Android Auto is a platform that brings a stripped-down version of Google Android to in-car entertainment systems, allowing you to use Google Maps for navigation, Google Play Music (or third-party apps) to listen to tunes, and voice commands to make phone calls or compose or listen to text messages.
Not satisfied with the default behavior of Android Auto? Soon you might be able to replace the software that came with your device with a custom ROM.
A group of developers have figured out how to make Pioneer NEX Android Auto head units boot from an SD card, which opens the door to running custom ROMs installed on SD cards.
Details are available at the AVIC411 forum, along with instructions for setting up your Pioneer NEX unit to boot from an SD card.
Note that the process will take a little time, and you do run the risk of breaking your device if you don’t follow the instructions correctly.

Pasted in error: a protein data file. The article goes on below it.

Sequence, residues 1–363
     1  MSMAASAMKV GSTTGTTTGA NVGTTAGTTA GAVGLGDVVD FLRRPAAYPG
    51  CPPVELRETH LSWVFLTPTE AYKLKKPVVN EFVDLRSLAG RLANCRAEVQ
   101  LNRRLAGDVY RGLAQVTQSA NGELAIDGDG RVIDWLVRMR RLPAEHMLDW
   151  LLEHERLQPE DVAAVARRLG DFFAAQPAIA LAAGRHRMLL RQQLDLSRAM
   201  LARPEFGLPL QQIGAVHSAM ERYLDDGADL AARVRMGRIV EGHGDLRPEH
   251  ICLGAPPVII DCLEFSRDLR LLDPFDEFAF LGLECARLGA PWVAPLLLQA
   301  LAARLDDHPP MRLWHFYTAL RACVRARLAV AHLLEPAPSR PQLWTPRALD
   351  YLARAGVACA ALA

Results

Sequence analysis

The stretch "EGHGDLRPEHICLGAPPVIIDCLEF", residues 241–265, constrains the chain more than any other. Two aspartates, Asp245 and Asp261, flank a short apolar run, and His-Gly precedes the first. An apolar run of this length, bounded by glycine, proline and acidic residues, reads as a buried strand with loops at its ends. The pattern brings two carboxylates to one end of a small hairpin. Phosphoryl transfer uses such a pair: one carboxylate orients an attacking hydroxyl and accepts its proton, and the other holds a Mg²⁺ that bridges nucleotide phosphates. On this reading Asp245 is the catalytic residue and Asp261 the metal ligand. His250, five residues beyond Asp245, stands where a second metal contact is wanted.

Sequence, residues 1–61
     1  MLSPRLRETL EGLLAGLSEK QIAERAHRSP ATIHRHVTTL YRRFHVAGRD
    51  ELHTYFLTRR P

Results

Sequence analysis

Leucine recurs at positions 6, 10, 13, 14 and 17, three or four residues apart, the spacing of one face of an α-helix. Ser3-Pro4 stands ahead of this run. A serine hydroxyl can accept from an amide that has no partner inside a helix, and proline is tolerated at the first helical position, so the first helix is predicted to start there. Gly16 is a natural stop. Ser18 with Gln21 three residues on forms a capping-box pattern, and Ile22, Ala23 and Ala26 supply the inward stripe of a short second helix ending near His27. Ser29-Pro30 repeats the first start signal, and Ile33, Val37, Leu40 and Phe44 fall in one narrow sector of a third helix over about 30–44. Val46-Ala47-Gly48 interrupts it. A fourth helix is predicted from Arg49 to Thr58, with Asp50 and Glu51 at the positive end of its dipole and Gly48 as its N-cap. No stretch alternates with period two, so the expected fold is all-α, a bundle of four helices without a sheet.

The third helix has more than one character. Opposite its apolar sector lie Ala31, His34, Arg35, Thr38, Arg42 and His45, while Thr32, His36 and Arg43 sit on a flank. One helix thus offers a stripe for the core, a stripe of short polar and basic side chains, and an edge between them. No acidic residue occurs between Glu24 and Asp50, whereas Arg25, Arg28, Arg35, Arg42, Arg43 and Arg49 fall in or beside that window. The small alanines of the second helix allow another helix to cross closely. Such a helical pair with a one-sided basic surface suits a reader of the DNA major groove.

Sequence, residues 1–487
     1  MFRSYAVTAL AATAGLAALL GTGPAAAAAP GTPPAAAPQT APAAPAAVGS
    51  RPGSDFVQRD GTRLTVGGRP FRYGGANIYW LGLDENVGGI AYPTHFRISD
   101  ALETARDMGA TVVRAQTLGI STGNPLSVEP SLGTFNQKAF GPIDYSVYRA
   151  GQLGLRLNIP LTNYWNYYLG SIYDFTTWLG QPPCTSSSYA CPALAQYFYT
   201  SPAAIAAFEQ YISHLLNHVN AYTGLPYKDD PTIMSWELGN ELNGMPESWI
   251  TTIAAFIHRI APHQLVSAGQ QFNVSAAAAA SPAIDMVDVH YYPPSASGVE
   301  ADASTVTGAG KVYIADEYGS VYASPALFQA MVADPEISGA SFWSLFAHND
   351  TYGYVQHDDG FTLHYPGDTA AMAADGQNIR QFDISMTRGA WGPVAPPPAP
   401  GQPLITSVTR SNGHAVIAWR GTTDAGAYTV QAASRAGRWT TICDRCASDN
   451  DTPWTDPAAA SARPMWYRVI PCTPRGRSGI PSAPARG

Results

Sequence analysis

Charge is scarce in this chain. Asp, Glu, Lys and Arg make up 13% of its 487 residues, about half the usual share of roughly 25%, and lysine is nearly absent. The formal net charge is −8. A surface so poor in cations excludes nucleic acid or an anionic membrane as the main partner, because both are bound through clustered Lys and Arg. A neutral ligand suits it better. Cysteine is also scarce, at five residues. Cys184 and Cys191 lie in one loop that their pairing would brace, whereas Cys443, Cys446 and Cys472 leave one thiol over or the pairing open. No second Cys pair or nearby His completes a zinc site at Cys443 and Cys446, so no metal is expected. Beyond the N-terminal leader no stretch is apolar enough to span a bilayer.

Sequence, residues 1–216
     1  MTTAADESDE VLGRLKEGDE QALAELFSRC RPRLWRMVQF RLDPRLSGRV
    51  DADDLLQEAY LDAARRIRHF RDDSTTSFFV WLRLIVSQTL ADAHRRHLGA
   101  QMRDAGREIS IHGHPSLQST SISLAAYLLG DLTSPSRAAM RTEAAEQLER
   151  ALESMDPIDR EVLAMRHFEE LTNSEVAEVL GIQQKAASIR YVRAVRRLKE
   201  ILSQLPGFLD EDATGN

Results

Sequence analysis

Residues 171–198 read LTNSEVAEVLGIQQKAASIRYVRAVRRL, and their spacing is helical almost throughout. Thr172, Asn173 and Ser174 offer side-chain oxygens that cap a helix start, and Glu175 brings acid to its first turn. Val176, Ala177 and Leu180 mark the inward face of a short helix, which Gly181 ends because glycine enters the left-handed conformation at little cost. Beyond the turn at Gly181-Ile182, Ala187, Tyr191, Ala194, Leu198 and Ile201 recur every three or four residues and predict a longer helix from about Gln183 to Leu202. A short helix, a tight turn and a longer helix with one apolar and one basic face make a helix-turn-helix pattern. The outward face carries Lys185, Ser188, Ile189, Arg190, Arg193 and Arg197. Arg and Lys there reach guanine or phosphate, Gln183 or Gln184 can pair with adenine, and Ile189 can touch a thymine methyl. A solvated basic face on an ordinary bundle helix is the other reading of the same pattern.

Not only does this open the door to running custom versions of Android Auto on devices that shipped with the software, but it could also let users install Android Auto on Pioneer NEX units that don’t normally run Google’s software.
There aren’t any custom ROMs yet, but this paves the way for developers to create their own versions of Android Auto that may have apps or features which wouldn’t otherwise be available. But here’s the thing: some of the limitations included in Android Auto are there for good reasons.
For example, there’s no video player… because it would be rather distracting to have videos playing in you dashboard while you’re driving. And if you’ve used custom ROMs before, you know that some can truly improve the performance of a phone, tablet or other device… and others can be horribly buggy and crash-prone. That’s not something you’d want to find out while using Google Maps to navigate through unknown territory.
So what do you think? Custom ROMS for Android Auto: a good idea or a dangerous one?
via Android Central